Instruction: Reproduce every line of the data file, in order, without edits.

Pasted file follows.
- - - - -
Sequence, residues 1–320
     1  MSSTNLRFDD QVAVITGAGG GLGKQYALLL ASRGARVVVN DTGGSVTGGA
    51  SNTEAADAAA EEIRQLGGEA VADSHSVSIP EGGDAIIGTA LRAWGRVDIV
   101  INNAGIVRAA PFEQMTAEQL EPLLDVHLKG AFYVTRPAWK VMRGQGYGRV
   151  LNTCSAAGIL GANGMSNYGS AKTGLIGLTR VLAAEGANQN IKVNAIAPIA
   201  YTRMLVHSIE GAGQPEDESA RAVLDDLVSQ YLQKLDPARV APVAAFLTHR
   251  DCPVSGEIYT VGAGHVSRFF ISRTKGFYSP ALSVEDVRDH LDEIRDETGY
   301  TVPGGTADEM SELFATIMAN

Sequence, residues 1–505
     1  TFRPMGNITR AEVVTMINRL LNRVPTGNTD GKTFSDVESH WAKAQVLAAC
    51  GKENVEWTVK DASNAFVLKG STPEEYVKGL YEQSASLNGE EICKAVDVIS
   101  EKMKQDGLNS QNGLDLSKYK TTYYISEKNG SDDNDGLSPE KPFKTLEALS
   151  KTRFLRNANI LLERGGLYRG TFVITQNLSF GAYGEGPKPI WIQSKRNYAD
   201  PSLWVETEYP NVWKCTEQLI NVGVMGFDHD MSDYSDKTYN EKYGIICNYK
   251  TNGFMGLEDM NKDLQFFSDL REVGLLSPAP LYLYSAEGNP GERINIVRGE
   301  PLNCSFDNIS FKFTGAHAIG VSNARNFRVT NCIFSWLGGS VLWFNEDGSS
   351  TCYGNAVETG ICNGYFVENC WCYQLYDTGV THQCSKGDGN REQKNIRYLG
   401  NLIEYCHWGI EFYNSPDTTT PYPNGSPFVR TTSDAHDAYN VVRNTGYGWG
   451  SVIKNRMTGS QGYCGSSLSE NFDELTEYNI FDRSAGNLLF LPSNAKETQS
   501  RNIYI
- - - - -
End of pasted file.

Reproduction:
Sequence, residues 1–320
     1  MSSTNLRFDD QVAVITGAGG GLGKQYALLL ASRGARVVVN DTGGSVTGGA
    51  SNTEAADAAA EEIRQLGGEA VADSHSVSIP EGGDAIIGTA LRAWGRVDIV
   101  INNAGIVRAA PFEQMTAEQL EPLLDVHLKG AFYVTRPAWK VMRGQGYGRV
   151  LNTCSAAGIL GANGMSNYGS AKTGLIGLTR VLAAEGANQN IKVNAIAPIA
   201  YTRMLVHSIE GAGQPEDESA RAVLDDLVSQ YLQKLDPARV APVAAFLTHR
   251  DCPVSGEIYT VGAGHVSRFF ISRTKGFYSP ALSVEDVRDH LDEIRDETGY
   301  TVPGGTADEM SELFATIMAN

Sequence, residues 1–505
     1  TFRPMGNITR AEVVTMINRL LNRVPTGNTD GKTFSDVESH WAKAQVLAAC
    51  GKENVEWTVK DASNAFVLKG STPEEYVKGL YEQSASLNGE EICKAVDVIS
   101  EKMKQDGLNS QNGLDLSKYK TTYYISEKNG SDDNDGLSPE KPFKTLEALS
   151  KTRFLRNANI LLERGGLYRG TFVITQNLSF GAYGEGPKPI WIQSKRNYAD
   201  PSLWVETEYP NVWKCTEQLI NVGVMGFDHD MSDYSDKTYN EKYGIICNYK
   251  TNGFMGLEDM NKDLQFFSDL REVGLLSPAP LYLYSAEGNP GERINIVRGE
   301  PLNCSFDNIS FKFTGAHAIG VSNARNFRVT NCIFSWLGGS VLWFNEDGSS
   351  TCYGNAVETG ICNGYFVENC WCYQLYDTGV THQCSKGDGN REQKNIRYLG
   401  NLIEYCHWGI EFYNSPDTTT PYPNGSPFVR TTSDAHDAYN VVRNTGYGWG
   451  SVIKNRMTGS QGYCGSSLSE NFDELTEYNI FDRSAGNLLF LPSNAKETQS
   501  RNIYI